After doing this, I was told to pick up a green meal card from the table (which has a specific number on it) and a uniform kit from one of the bags on the floor. The kit included one khaki pant, one khaki jacket, a NYSC branded hat, two white shorts, two white shirts, one branded green/white NYSC shirt, two pairs of green/white stockings, one pair of white canvass shoes, and one pair of orange military boots.  

Note: When initially filling out the NYSC application online, there was a section that asked me for my clothing and shoe sizes. It was of no consequence. (The kits were not divided into sizes; you simply had to pick whatever you saw at the time.)

I ended up with an over-sized khaki jacket, an over-sized khaki pair of pants, and both shoes were at least three sizes too small. The process that followed was a wonderful trade off; most of us went around looking for people to exchange clothes and shoes with. After checking with about 10 people, I finally found a girl who had a pair of white canvasses that were too big for her and perfectly sized for me, and a guy that had military boots that were too big for him and perfectly sized for me. By the time I was done with that, I was too tired to worry about exchanging the clothes. Before I left that area, my platoon leader informed me that because I had a medical note I had to go to the camp director’s office to write an “Application for Exaet” stating my reason for not staying on camp and then return it to her. I wrote the application, collected a signed & approved exaet document from the office, made copies of both documents first, and then returned the original copy of the “Application for Exaet” to my platoon leader who had my file. From there, I had to go back towards the registration hall where I started and meet a photographer stationed there to take an official photo with my branded NYSC shirt. It cost N500. I was so sweaty and felt so sucky but I managed to give a smile while getting my photo taken. I was then given a small blue card by the photographer that I had to turn into one of the ladies at the registration hall. I turned it in and that was it for the day. I was exhausted. I slowly made it to the exit gate and headed on home.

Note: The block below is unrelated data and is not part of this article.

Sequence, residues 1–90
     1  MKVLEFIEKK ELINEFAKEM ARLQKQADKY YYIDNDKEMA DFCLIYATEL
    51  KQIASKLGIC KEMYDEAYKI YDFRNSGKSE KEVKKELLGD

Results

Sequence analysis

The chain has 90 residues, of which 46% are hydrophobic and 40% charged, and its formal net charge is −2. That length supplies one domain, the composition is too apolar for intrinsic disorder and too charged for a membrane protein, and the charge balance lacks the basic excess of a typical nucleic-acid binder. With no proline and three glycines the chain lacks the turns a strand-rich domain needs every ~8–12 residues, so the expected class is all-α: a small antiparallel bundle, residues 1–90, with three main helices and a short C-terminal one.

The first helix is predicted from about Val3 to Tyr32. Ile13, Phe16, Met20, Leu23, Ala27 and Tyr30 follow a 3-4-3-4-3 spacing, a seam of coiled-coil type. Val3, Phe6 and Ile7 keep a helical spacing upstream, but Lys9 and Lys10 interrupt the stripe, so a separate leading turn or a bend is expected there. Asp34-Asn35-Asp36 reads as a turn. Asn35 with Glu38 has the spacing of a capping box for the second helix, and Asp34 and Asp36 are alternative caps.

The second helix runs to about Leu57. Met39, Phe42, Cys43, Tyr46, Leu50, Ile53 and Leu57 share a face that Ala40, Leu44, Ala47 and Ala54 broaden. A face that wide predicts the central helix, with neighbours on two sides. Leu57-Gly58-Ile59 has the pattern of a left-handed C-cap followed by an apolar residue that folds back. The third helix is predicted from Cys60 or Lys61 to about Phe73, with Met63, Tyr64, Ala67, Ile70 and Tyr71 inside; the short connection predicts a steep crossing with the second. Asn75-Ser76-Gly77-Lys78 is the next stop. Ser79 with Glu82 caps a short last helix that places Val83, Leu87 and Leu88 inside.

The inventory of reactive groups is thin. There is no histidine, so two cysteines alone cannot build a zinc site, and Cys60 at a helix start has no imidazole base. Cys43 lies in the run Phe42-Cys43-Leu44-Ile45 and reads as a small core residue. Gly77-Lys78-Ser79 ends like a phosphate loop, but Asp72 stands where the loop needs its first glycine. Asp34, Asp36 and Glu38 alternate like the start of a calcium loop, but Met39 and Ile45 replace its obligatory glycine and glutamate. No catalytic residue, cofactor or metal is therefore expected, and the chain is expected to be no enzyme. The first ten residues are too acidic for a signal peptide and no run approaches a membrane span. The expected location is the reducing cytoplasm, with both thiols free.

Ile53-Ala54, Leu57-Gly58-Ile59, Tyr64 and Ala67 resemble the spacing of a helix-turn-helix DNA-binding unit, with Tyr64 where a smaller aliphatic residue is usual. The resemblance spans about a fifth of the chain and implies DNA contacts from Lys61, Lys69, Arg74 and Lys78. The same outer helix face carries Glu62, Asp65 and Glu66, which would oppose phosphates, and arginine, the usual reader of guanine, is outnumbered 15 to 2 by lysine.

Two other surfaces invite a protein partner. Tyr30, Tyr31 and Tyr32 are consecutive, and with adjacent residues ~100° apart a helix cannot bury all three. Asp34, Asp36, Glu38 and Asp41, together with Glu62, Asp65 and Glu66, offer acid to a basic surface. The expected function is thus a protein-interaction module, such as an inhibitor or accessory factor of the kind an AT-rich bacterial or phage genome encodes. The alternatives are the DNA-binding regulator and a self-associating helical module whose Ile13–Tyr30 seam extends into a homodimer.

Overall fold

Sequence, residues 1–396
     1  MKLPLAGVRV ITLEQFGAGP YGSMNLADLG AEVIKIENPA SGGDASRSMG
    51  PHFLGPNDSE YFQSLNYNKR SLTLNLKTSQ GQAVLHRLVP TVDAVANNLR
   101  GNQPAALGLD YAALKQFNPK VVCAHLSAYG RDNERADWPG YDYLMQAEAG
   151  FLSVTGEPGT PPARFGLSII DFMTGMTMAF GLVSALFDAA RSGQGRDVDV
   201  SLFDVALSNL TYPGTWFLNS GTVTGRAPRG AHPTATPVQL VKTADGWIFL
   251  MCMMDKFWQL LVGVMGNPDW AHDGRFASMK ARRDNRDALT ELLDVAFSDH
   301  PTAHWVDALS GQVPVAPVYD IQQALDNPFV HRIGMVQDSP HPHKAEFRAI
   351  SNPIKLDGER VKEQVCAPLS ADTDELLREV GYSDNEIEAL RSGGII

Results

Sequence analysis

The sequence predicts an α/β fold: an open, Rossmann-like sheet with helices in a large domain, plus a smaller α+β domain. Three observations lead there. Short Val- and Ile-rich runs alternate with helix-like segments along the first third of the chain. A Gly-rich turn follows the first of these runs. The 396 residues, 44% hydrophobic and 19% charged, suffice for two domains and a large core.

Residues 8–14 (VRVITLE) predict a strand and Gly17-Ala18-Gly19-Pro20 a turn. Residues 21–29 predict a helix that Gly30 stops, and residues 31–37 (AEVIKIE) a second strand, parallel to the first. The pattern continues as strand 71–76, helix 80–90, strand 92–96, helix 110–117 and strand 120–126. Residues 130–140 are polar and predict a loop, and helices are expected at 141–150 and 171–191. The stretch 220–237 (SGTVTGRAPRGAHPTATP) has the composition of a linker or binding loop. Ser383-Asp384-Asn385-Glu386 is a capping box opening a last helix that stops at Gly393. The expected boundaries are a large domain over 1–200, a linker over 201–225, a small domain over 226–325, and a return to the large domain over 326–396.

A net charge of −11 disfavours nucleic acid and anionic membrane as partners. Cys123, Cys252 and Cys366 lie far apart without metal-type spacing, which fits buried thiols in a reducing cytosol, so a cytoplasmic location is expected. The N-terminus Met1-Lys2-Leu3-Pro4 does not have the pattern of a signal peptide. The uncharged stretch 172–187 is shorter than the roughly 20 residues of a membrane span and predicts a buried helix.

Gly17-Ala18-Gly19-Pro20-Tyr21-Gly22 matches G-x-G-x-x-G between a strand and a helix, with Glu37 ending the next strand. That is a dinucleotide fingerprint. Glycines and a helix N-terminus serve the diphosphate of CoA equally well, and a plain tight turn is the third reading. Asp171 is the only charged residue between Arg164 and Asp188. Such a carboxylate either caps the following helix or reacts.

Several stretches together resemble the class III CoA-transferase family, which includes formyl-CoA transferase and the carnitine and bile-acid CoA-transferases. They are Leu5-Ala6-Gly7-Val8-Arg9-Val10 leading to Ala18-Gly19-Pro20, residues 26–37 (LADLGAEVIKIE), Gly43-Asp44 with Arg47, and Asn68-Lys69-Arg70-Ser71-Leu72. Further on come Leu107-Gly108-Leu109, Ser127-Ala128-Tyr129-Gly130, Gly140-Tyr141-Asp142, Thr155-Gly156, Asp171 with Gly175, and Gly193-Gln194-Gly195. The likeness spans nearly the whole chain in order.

ACCOUNT OPENING/BOOK OF LIFE DAY

About a week later, I returned to camp to handle my account shenanigans. Each corper is assigned a specific bank to open an account with. Your monthly stipend from NYSC will be paid into that account. Your bank is assigned to you based on your FCT code number. Thankfully, I had the phone numbers of a few corpers staying at camp (we bonded over our frustration while standing in the 4-hour uniform kit line on registration day) and one of them called me to inform me the night before the accounts were being opened. I got to camp in the morning and located where the reps from the various banks were stationed. I found out what bank I was assigned to, joined the “line” around the bank reps, and waited for almost an hour just to discover that they had run out of account opening forms. I laughed. So typical. They informed us that they’d be back the following Monday (I went there on a Friday) to continue. I quietly moved from that area and located my platoon officer where she was sitting with her own “mob” of corpers. She was handling the “Book of Life” shenanigans.  

Note: You must fill out your information in the "Book of Life".